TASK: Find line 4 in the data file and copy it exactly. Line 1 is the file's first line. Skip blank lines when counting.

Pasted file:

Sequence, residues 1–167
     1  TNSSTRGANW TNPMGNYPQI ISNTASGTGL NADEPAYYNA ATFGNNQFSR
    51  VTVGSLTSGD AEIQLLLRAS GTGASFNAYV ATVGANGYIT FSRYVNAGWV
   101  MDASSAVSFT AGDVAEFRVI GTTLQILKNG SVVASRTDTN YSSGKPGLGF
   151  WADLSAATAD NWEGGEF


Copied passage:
   101  MDASSAVSFT AGDVAEFRVI GTTLQILKNG SVVASRTDTN YSSGKPGLGF